|The ZIMBABWE Situation||Our
thoughts and prayers are with Zimbabwe |
- may peace, truth and justice prevail.
BELINDA ANDERSON: Feeding into this chat, we pre-recorded an interview a little bit earlier with a gent who couldnít talk to us because he was going to be on CNN. So we donít normally pre-record but we thought, we wonít try and shuffle CNNs agenda around. Itís something that has also been picked up by Sky and BBC. Itís the launch of a new newspaper called The Zimbabwean. Itís an opposition newspaper. As I said, we did pre-record this a little earlier. Wilf Mbanga, the founder of The Zimbabwean, a brand new publication, on the line with us from London. Wilf, we will get into the newspaper in just a moment, but did you have a chance to see what President Mbeki had to say on Zimbabwe in his State of the Nation Address today?
WILF MBANGA: I believe he didnít say much.
BELINDA ANDERSON: No, he didnít.
WILF MBANGA; I believe he only talked about working with SADC heads of state to bring about free and fair elections But Zimbabwe is a serious problem. Itís affecting all SADC neighbours. South Africa itself is playing host to millions of Zimbabweans, most of them illegal immigrants. And I would have thought that itís in South Africaís interests to help solve the Zimbabwean question, so that all these people can go back to their country.
BELINDA ANDERSON: So you donít think Mbekiís stance of quiet diplomacy has been quite enough?
WILF MBANGA: He has been too quiet. Itís a deafening silence, in fact. I would have thought that he would make a lot of noise, especially because whatís going in Zimbabwe is affecting South Africa, you know, all the illegal immigrants. The crime rate is so Ö all coming to South Africa.
BELINDA ANDERSON: What Mbeki did say in his speech today Ė he was referring to various of the SADC countries and Africa broadly Ė he spoke about the Togo affair, saying that it was a unconstitutional charade. Thatís quite a strong way to refer to a change of government. Surely it would be the same in Zim if the MDC isnít allowed to participate in elections?
WILF MBANGA: Well, the MDC has no chance of ever winning Ė those elections are not going to be free and fair. For example, we have got two million [indistinct] voters on our roll at the moment. Three million Zimbabweans are outside the country, have been disenfranchised. All the other countries, including South Africa, allows South Africans in the Diaspora to vote. And recently, in the Iraqi elections, Iraqis living in London now were the first to vote. And all three million Zimbabweans outside the country will not be allowed to vote. So youíve got, on the one hand, three million people who canít vote, who have been disenfranchised, and then youíve got two million [indistinct] voters.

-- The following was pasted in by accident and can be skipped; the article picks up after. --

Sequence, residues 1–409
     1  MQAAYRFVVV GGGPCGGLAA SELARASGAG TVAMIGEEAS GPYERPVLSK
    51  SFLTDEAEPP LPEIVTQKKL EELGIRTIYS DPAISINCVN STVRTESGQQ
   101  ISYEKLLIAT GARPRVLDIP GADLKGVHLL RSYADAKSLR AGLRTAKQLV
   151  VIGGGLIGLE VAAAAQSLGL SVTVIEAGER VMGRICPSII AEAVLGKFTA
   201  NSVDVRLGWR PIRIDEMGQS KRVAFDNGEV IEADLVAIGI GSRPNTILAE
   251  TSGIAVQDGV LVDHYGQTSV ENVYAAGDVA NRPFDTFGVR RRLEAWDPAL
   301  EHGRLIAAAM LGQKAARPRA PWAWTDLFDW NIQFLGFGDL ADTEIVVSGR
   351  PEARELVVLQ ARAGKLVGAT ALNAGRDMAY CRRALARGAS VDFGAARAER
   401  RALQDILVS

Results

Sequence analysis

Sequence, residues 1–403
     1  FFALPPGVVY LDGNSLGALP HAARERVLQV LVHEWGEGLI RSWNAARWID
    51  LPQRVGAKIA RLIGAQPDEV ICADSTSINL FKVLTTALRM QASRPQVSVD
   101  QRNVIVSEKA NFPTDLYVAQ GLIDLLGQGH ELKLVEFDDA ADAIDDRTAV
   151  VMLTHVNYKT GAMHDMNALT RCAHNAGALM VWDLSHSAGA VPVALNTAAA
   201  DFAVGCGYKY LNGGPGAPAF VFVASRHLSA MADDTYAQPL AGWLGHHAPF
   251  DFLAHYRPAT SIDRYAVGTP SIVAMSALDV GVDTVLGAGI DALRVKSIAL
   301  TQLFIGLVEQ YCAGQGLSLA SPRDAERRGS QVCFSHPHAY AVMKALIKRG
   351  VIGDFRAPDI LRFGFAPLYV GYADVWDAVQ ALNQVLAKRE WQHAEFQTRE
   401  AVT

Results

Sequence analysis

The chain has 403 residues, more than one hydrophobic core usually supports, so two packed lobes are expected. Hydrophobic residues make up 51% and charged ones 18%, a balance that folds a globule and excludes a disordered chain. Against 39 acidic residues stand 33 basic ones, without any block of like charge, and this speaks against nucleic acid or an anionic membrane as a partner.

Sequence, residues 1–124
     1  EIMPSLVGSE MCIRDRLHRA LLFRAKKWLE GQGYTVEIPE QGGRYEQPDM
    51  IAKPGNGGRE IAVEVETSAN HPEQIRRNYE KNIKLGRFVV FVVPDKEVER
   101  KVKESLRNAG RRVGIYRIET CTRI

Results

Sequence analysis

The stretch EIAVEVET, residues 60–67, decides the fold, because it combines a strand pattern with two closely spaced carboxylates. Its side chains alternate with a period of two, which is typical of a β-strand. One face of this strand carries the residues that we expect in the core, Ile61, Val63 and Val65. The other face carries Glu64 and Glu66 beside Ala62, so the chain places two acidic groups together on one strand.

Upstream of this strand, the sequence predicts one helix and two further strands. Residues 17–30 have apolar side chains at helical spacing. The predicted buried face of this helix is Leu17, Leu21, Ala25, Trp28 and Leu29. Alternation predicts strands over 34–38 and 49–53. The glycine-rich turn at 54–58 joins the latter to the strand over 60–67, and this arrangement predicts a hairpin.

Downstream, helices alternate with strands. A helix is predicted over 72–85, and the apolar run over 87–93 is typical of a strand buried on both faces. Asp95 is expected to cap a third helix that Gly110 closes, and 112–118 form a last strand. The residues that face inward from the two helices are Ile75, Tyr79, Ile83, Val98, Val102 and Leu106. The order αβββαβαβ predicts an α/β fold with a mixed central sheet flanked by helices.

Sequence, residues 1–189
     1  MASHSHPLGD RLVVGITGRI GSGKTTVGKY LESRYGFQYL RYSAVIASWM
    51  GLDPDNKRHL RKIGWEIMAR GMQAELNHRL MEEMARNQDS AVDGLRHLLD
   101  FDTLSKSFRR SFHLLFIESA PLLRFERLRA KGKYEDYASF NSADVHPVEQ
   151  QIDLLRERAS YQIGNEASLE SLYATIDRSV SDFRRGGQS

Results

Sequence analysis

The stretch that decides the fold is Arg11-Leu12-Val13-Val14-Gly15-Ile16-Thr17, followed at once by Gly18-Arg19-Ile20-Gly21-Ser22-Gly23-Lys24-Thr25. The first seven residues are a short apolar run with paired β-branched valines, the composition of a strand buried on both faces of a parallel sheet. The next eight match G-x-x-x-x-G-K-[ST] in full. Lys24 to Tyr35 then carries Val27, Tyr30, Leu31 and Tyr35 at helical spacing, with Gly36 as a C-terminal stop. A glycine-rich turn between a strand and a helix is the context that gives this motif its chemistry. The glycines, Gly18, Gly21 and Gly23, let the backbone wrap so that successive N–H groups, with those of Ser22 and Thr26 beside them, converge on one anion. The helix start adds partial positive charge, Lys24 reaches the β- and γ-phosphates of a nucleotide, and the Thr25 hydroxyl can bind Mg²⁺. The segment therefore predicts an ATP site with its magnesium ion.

BELINDA ANDERSON: You donít believe the elections can be free and fair at all?
WILF MBANGA: There is no way they can be free and fair.
BELINDA ANDERSON: We know about the importance of the media, as a check and balance, a watchdog to government, hasnít been the case in your country. You were one of the founders of The Daily News. It must have been very sad for you to see that being shut down.
WILF MBANGA: Well, the people of Zimbabwe voted with their dollars. The Daily News became the largest selling newspaper in the country within a very short space of time. People had confidence in it, it was the paper that told the story like it is. They didnít believe what they read in the government newspaper. So the people of Zimbabwe were saying "this is the paper we prefer".
BELINDA ANDERSON: How many subscribers did you have at its peak?
WILF MBANGA: Well, we had 150,000 copies per day.
BELINDA ANDERSON: I read a report a little bit earlier, I think in Business Day, saying that Strive Masiyiwa of Econet, who then later bought The Daily News, is sort of giving it back to the workers, heís donating it, and setting up a trust to try and revive that. Do you think in a country, working in a country like Zim, a paper like The Daily News can be revived?
WILF MBANGA: I would like to see it revived. It enjoys popular support in the country, and I think itís a great idea to give it back to the workers. A lot of journalists at The Daily News suffered, a lot of them were arrested, some of them were beaten up, and so on. I really take my hat off to them. They are an incredible bunch of people.
BELINDA ANDERSON: Is that why youíve started another newspaper outside of Zimbabweís borders?
WILF MBANGA: Yes, well, because Iím living in exile now. And I realise that Zimbabweans in the Diaspora need to know what is going on at home. And also the people back in Zimbabwe need to know whatís happening to their compatriots outside the country. So this newspaper will tell you, from the Zimbabweans in the UK, the Zimbabweans in South Africa, and the Zimbabweans inside the country.
BELINDA ANDERSON: And you can get it online, but you are also going to be printing it, I understand, in London and in Joíburg?
WILF MBANGA: Thatís correct. Next week we will go up to 15,000 copies in the UK, for Zimbabweans in the UK. We will be printing 30,000 for our readers in South Africa, and 10,000 this week, actually today, we have flown to Harare and hopefully next week we want to increase that.
BELINDA ANDERSON: So whoever is distributing those around Harare must be watching their back?
WILF MBANGA: Well, it should be on the streets, like any other newspaper.
BELINDA ANDERSON: Are you anticipating government intervention to try and stop it?
WILF MBANGA: I donít now. Iím hoping for the best. They have not stopped other newspapers, South African newspapers, circulating in Zimbabwe. So why should they stop this one?
BELINDA ANDERSON: Best of luck, Wilf Mbanga, founder of a new newspaper, The Zimbabwean, written for Zimbabweans living outside of the country.